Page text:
According to the story told in detail in the first chapters of the Book of Exodus, Moses was a major player in all the events of the Exodus from Egypt, from the moment God spoke to him before the Burning Bush and entrusted him with the mission to go and speak with the Egyptian Pharaoh. He led the Israelites through the Red Sea as though crossing dry land, and then across the desert for forty years until his death before entering the land of Canaan. And yet, throughout all the pages of the Haggadah, the dominant biblical figure of Moses is not mentioned even once. Furthermore, in the Haggadah we read: “And God brought us out of Egypt not by the hand of an angel, nor by the hand of a fiery being, nor by a messenger, but the Holy One, blessed be He, and He Himself in His glory.”
Why was the figure of Moses erased so completely from the Passover Haggadah? The Haggadah text we know today was formulated in the fourth century CE. It was around this time that the figure of Jesus was enshrined as a central divine figure of the Christian faith which was rapidly spreading across the known world. Some believe that the Jewish sages, fearing the rise of a similar popular movement among the Jewish people that would counter Jesus with the figure of Moses as the true divine figure, attempted to expunge the figure of Moses even from the memory of the constitutive events associated with him. These events are of course recounted in detail in the Haggadah, the central text of the Passover Seder, which shaped Jewish consciousness for generations.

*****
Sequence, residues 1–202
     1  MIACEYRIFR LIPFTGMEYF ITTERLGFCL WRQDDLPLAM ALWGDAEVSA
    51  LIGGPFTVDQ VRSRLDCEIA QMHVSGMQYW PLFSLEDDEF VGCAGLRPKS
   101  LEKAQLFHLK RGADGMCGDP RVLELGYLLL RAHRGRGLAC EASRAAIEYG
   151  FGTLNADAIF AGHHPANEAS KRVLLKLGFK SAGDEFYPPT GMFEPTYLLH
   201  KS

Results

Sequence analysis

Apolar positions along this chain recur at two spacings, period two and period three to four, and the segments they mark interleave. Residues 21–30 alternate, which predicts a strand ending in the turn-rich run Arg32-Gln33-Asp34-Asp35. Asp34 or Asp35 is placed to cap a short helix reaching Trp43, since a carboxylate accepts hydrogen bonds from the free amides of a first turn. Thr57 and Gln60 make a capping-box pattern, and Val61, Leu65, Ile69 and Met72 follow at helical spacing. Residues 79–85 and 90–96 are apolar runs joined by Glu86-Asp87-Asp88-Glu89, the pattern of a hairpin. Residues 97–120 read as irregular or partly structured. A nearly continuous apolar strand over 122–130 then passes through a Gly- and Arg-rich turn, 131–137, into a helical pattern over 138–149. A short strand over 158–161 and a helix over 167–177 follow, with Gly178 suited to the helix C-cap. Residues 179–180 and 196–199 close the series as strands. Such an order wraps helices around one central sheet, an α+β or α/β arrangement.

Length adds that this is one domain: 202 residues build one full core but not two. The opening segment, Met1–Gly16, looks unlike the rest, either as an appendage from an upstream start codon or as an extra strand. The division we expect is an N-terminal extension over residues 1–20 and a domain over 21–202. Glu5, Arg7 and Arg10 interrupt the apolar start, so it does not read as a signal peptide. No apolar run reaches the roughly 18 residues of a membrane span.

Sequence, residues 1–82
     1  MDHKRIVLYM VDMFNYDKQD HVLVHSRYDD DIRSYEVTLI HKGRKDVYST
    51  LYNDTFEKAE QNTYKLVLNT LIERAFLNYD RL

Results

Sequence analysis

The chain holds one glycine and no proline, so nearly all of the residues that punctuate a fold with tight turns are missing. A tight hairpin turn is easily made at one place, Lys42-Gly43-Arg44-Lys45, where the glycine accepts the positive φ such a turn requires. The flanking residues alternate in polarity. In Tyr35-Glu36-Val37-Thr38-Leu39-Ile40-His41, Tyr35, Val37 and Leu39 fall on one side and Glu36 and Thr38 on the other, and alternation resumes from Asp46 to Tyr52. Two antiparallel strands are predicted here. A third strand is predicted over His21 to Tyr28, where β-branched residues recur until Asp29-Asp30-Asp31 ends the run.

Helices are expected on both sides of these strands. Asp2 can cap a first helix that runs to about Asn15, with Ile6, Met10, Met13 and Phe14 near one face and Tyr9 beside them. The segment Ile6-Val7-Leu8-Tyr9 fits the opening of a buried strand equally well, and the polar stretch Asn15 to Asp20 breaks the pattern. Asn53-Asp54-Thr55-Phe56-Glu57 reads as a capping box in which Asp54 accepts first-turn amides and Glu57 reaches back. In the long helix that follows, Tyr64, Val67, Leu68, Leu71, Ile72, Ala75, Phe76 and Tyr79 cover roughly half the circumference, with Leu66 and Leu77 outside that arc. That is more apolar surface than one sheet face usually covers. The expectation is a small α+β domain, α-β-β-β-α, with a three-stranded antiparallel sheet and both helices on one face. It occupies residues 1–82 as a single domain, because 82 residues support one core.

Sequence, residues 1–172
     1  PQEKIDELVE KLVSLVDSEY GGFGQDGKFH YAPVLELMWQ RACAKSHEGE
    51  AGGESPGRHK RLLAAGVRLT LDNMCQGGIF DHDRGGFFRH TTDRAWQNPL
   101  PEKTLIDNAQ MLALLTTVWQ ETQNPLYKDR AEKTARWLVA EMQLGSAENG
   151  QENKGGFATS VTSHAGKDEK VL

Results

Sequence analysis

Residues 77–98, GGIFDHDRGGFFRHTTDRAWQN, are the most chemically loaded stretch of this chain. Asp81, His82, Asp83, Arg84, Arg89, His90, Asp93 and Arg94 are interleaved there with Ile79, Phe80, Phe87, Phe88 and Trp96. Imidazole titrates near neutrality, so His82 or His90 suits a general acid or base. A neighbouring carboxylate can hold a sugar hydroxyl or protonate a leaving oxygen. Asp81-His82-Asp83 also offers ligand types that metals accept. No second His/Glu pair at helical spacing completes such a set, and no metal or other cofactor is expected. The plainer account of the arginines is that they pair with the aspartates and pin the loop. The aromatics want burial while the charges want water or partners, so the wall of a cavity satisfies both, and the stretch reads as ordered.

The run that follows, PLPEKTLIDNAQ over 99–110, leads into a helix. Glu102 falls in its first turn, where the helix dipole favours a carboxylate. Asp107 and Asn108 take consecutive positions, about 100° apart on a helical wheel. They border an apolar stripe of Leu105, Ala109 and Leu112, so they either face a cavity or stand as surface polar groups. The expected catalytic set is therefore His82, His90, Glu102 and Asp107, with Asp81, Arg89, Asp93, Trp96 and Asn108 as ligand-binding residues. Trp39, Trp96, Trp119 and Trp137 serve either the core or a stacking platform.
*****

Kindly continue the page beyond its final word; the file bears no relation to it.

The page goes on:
Yet, to this very day, the Jews of Morocco (and the Jews of Western Algeria in the areas adjacent to Morocco) begin the Seder with a short text in Judeo-Arabic, in which the central figure is none other than Moses. The text is recited at the beginning of the fourth stage of the Seder – yahatz – before the reading of the Haggadah, when the person conducting the Seder picks up the three matzot, takes out the middle matza and breaks it in half (reserving one half to be eaten later during the Tsafun ritual).
The Judeo-Arabic text is recited while the broken piece of matza is held up for all to see. According to this short text, God parted the Red Sea for our Ancestors into twelve paths through Moses, our rabbi and prophet. This is followed by a prayer that asks God to save the members of the communities from exile and bring them to the Holy Land just as He delivered our ancestors out of Egypt from slavery to freedom. The Judeo-Arabic text eventually crystallized into two different but closely related main versions, one used in the Tafilalt and adjacent communities in the southeast and northeast of Morocco, and another, shorter version, customary in other communities. The wording of the text varied slightly from one community to another, as often occurs with a text that is primarily transmitted orally.
Why did Moroccan Jews see a need to bring Moses to the Seder and return him to the story of the Exodus? And when did it happen? As can be discerned from the Arabic language of the two versions discussed here, the text about Moses was formulated at the end of the thirteenth or the beginning of the fourteenth century. During this period, the last incarnations of medieval literary Judeo-Arabic, called Middle Judeo-Arabic, were still in use. Despite losses to the text over the generations because of its oral transmission, many traces of this ancient language can still be found in it.